Graduate Thesis Or Dissertation

 

Evaluation of NIOSH-sponsored engineering faculty workshops Public Deposited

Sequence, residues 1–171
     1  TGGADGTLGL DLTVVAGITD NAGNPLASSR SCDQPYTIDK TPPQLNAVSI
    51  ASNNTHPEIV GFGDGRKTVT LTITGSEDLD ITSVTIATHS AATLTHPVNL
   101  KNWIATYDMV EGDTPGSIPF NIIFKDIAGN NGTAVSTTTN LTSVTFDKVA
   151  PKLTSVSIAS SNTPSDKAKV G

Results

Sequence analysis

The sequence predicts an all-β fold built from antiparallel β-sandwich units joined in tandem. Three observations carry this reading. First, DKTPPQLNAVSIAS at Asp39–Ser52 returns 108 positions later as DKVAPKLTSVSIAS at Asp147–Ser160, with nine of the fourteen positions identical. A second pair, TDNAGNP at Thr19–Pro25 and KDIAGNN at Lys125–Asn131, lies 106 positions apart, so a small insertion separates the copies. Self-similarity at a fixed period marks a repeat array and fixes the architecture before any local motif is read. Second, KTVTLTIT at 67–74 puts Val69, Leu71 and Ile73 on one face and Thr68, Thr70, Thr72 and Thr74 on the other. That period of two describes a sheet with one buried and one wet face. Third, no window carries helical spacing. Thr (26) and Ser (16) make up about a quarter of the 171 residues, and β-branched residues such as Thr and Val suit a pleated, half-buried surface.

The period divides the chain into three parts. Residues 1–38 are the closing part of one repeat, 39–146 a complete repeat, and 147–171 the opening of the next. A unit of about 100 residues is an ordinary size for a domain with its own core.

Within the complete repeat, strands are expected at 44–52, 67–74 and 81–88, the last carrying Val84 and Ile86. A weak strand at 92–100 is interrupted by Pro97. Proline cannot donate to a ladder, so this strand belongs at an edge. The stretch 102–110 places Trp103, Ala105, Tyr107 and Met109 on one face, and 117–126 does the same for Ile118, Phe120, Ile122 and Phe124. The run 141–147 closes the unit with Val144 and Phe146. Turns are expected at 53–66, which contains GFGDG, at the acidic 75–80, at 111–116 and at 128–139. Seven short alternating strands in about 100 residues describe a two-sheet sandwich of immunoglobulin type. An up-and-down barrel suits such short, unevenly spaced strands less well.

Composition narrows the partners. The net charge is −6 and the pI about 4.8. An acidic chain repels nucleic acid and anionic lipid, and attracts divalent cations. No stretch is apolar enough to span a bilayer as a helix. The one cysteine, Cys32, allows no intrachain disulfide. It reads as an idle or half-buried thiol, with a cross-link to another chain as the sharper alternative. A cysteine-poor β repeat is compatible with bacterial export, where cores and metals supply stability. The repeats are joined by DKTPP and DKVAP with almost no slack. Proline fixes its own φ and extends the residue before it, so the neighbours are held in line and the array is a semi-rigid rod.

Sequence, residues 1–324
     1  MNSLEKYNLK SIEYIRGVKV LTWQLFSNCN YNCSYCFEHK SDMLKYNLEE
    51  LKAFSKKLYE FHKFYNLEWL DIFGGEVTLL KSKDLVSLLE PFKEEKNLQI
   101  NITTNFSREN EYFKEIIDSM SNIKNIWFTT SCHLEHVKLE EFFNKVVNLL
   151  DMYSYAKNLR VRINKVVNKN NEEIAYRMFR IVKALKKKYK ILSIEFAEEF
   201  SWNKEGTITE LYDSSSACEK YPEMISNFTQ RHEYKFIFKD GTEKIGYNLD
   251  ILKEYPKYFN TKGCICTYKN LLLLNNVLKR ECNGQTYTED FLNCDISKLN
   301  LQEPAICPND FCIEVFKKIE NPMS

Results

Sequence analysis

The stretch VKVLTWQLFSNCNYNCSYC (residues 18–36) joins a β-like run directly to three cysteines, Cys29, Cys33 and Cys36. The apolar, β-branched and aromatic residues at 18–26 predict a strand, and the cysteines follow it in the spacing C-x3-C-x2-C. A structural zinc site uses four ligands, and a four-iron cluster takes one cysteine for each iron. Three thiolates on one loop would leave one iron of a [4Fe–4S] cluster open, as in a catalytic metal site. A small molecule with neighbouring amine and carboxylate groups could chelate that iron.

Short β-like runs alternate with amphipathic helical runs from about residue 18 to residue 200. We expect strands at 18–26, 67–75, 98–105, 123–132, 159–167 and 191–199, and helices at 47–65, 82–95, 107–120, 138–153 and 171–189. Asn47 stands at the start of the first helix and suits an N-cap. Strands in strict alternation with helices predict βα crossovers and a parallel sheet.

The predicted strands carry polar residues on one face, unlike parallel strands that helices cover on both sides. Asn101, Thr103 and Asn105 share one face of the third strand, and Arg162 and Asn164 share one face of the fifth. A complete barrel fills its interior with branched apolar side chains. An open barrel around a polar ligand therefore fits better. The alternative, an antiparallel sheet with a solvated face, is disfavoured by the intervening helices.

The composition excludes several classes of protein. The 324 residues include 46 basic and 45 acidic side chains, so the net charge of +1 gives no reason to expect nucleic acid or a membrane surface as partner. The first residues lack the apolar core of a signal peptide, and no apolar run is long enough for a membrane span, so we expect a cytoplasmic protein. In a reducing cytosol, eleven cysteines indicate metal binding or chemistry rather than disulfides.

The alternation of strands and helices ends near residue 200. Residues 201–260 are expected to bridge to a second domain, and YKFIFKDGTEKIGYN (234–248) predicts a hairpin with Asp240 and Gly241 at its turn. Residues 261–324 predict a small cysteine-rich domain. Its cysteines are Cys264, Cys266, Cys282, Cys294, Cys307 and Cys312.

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  • The National Institute for Occupational Safety and Health (NIOSH) has been sponsoring workshops for undergraduate engineering professors since 1984. The workshops were designed to educate engineering professors about the importance of addressing health and safety issues in their undergraduate engineering curricula. This study was designed to evaluate the effectiveness of these workshops in encouraging and in providing information that would be helpful in shaping the future direction of these workshops and other related NIOSH efforts. The objectives of this study were to determine: 1) if previous participants in NIOSH workshops have continued to use the information and ideas presented regarding the integration of health and safety issues into the undergraduate engineering curricula, 2) the reasons undergraduate engineering faculty give for including or not including health and safety issues in their courses, 3) the sources of materials and information undergraduate engineering professors use to address current health and safety issues, and 4) any trends toward the education of undergraduate engineering students in the area of health and safety. The study population consisted of 108 undergraduate engineering faculty who attended the workshops and 116 randomly selected undergraduate engineering professors who did not attend the workshops. Each faculty member completed an eight-page questionnaire regarding occupational and public health and safety. The questionnaire was divided into three parts: occupational health and safety, public health and safety, and general information. Participants were asked if they currently were addressing health and safety issues, if they had conducted any research in the area of health and safety, where they were finding the materials and information to use in their classes, why they were addressing health and safety issues in their classes or why not, whether they have any exposure to health and safety in their undergraduate education and, what type of support they received from their department and colleagues. A total of 175 surveys were returned for an overall response rate of 54.0 percent. Eighteen questionnaires were removed from the study because of incomplete or inconsistent responses. Tests of statistical significance between the two groups were based on Chi-Square statistics. The results indicated that faculty who attended the workshops believed that their attendance contributed to their decision to integrate health and safety issues in their courses. Of those faculty who attended the workshop 76.8 percent currently are addressingoccupational health and safety and 57.1 percent are addressing public health and safety in their undergraduate engineering curricula. Purdue (75.0 percent), Tufts (62.5 percent), Utah (80.0 percent), and Auburn (55.6 percent) participants felt the workshop was an important source of information for occupational health and safety. Over fifty-eight percent responding in each group marked personal interest and ethical considerations for reasons they address occupational and public health and safety.
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